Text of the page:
There are many different sizes of air purifiers in the market, but not all would suit your needs. Surrounding your house with many cheap air purifiers may not be the most cost-effective solution. The truth is, not everyone needs more than one air purifier. Sometimes having a powerful air purifier and placing it at the center of the room would be good enough. But before you blindly purchase multiple air purifiers without knowing what you are getting at, ask yourself the following questions:

  • How many rooms are in my house, and which space do I regularly occupy?
  • What is the total square footage needed for the air purifier to clean?
  • What type of airborne contaminants are you dealing with?
  • Does the air purifier have the correct type of filtration and airflow volume to tackle indoor pollutants?
  • Can I afford to own and maintain more than one air purifier?

How Long Does It Take For An Air Purifier To Clean A Room?

On average, an air purifier would take 30 minutes to 2 hours to clean the air in a room. Regardless of the cleaning time, we highly recommend leaving the air purifier cycle clean air all day to prevent dust from building up.

Can An Air Purifier Clean A Whole House?

It is possible with a whole-house air purifier, but not without limitations. There are far too many obstructions in a household e.g. furniture, wall, cabinet, and electronic appliances, that would impede the airflow circulation of an air purifier. We recommend complementing your whole-house air cleaning HVAC system with single or multiple air purifiers across your home for better air cleaning efficiency.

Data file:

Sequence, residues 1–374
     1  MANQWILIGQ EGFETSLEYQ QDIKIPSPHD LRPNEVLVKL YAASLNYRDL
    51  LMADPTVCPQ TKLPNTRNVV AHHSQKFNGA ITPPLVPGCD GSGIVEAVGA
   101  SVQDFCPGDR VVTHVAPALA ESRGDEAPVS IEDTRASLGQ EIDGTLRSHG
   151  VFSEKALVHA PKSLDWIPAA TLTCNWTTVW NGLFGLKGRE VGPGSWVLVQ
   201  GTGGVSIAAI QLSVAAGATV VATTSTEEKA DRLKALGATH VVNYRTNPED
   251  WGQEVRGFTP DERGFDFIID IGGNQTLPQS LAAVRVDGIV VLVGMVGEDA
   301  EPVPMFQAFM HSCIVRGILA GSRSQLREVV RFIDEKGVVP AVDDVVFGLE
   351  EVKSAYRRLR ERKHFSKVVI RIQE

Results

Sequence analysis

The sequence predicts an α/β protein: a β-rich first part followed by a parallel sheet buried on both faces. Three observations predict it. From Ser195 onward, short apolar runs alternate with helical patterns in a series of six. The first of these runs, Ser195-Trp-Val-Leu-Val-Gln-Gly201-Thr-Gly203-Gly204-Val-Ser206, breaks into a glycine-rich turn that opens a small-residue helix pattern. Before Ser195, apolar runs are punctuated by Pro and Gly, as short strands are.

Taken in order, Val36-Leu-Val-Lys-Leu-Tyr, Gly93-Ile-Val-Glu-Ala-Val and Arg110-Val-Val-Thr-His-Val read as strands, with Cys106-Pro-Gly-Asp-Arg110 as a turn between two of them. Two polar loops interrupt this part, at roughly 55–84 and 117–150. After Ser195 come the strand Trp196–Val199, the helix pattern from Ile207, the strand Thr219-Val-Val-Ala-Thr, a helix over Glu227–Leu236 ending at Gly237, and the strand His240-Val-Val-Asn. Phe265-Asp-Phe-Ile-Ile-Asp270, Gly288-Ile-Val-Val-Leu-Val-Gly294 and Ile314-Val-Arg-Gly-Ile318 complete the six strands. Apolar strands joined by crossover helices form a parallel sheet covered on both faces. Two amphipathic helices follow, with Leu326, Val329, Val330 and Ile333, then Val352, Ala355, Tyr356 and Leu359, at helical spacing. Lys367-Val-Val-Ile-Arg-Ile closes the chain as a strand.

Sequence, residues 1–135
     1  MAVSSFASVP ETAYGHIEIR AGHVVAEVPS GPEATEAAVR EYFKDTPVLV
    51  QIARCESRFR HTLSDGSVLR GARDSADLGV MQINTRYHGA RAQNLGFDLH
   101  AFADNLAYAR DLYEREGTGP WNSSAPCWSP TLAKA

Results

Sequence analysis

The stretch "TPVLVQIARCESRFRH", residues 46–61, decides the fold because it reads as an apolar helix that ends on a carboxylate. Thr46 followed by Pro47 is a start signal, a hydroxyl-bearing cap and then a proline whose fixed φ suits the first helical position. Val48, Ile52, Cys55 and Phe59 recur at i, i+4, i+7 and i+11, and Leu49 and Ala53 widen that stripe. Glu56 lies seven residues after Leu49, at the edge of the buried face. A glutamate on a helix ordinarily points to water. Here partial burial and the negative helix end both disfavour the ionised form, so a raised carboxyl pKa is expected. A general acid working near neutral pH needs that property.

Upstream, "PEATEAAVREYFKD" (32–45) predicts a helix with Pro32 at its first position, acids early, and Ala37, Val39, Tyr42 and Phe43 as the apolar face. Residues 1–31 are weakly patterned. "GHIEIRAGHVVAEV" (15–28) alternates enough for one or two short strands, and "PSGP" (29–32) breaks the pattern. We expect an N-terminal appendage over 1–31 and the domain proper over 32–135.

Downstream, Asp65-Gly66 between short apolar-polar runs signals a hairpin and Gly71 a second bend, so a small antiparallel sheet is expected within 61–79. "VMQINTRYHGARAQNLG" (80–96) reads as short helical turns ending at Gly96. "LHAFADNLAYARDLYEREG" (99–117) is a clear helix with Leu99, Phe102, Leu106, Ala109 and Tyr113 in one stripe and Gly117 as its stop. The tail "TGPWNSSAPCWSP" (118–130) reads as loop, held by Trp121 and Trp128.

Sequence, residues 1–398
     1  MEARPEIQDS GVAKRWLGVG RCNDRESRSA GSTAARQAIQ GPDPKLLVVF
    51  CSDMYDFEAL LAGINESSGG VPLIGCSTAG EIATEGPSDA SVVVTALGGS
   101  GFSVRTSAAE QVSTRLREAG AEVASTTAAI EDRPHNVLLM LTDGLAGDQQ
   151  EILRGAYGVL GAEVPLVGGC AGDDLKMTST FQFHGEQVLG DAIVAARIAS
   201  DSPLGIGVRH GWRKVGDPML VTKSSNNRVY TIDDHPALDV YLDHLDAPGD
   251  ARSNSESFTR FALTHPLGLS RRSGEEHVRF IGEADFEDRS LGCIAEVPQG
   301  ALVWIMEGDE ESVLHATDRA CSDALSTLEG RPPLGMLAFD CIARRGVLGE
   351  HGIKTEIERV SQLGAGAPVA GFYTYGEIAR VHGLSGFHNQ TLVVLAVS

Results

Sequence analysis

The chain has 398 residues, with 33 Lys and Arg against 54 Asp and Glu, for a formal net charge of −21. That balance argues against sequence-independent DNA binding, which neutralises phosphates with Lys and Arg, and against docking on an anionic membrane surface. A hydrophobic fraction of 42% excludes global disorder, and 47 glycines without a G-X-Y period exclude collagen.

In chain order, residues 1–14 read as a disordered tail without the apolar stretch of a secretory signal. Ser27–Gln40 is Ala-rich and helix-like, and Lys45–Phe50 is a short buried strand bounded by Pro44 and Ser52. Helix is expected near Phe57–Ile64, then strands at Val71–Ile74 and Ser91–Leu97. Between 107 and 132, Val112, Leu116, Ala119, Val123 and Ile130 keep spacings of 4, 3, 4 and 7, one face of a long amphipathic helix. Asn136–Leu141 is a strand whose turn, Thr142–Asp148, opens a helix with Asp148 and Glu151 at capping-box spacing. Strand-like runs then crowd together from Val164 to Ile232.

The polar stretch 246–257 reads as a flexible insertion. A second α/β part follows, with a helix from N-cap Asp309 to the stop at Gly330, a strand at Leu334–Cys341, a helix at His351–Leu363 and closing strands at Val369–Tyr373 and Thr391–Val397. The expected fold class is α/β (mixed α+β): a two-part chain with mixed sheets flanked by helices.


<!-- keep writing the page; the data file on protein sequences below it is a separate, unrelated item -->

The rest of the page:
Final Thoughts

Single or multiple, the number of air purifiers in a home should not be the only factor in determining the overall air cleaning performance. You should also pay equal attention to the types (no Ozonator please), size, and filtration depth. Upkeeping is also an essential aspect of air purifier ownership. The outer pre-filter requires cleaning every 2-3 weeks to prevent clogging or damage. The disposable HEPA and carbon filter must be replaced when the filter change indicator light is up. Make sure the air purifier is working and leave it on all day, all night, to enjoy a constant flow of clean air. Last but not least, place the air purifier close to the pollutant sources or by the doorway while leaving 2-4 feet of breathing space for ventilation. You can learn more about the art of air purifier placement here.

Max Fernandez

A loving father and a dedicated reviewer for airfuji.com with more than 1000 air purifiers under his belt. Max Fernandez is also one of the million patients currently suffering from asthma. Feel free to nudge him if you have any questions.